No matter what each school calls it, every Ph.D. student has a hurdle overcome that amounts to a SUPERFINAL. At Penn State, we call it comps, or comprehensive exam. Basically, we have three hurdles before the Ph.D.
1: Candidacy — This establishes understanding of American studies theory and method, as well as computer literacy (technicality). Over the course of three hours, you answer three essays of 1000 words or more, which reminded me a little of AP exams in high school. After this, we can call ourselves “candidates,” and it takes place after certain coursework requirements are met, usually after the first year. Unlike comps, it’s closed book.
2: Comprehensive — After coursework is complete, one takes comprehensive exams. This is a 96-hour take home exam that is made up of 6 essay questions concerning your subfields. For example, I will have two questions on Theory and Method (standard on all comps), two questions on Popular Culture and Media (subfield #1), and two questions on Business History and Culture (subfield #2). To prepare, we are furnished with a customized reading list of about 90 books, 30 in each field. This is where I am right now, hoping to take the exam in September. It’s a lot of prep, but I feel confident in my knowledge and understanding in my fields. I have been a student of American studies since I was a freshman in college, so I better understand theory and method!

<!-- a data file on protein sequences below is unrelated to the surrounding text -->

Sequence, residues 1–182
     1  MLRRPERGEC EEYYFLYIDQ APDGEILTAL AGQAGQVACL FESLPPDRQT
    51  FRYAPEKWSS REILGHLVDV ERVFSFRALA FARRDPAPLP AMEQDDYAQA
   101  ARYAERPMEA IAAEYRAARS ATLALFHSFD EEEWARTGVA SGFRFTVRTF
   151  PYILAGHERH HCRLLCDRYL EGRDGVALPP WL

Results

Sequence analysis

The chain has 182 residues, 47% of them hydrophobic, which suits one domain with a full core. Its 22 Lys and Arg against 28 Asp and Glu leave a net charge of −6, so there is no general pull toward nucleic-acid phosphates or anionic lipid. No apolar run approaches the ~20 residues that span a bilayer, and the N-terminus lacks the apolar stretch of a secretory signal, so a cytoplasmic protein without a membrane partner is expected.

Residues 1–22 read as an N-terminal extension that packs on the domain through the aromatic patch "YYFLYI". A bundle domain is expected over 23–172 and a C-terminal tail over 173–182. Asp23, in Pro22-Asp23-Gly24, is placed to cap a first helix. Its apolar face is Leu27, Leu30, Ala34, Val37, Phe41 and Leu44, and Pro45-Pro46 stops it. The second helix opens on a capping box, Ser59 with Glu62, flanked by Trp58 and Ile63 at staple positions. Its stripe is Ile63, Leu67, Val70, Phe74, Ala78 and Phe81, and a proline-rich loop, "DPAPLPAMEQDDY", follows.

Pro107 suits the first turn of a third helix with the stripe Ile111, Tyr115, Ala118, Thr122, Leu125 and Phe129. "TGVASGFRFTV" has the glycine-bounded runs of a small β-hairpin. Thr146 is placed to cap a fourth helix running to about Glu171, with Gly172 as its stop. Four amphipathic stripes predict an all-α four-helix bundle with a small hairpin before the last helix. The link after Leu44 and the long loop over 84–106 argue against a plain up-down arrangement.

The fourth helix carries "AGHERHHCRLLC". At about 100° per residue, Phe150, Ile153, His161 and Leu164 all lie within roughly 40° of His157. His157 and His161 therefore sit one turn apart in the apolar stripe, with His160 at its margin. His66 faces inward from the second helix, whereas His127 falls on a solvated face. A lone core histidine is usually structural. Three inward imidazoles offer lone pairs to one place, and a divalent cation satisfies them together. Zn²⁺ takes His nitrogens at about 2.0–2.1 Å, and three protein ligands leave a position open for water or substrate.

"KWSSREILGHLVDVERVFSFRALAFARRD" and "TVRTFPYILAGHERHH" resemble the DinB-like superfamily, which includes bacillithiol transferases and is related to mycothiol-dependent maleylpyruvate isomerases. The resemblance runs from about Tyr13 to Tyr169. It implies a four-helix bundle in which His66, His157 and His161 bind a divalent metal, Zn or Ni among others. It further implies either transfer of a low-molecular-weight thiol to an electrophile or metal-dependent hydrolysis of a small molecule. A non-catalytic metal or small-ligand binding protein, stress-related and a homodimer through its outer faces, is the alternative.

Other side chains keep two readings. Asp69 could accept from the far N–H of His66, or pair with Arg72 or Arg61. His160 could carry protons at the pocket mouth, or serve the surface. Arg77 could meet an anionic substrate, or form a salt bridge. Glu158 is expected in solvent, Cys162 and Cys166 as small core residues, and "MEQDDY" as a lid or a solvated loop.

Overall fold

3. Dissertation — Usually on the same day we defend our comps answers (about a week after we complete the exam), we also propose our dissertation. I have worked closely with my committee since year one, so I’m not terribly concerned about proposing. I hope to spend the next year and a half writing, defend in early 2016 and graduating in spring 2016.
So, this blog is about to become a comps blog, with book reviews and thoughts. My friend Becky is doing the same thing, so I figured it can’t hurt.
– The Lady Americanist.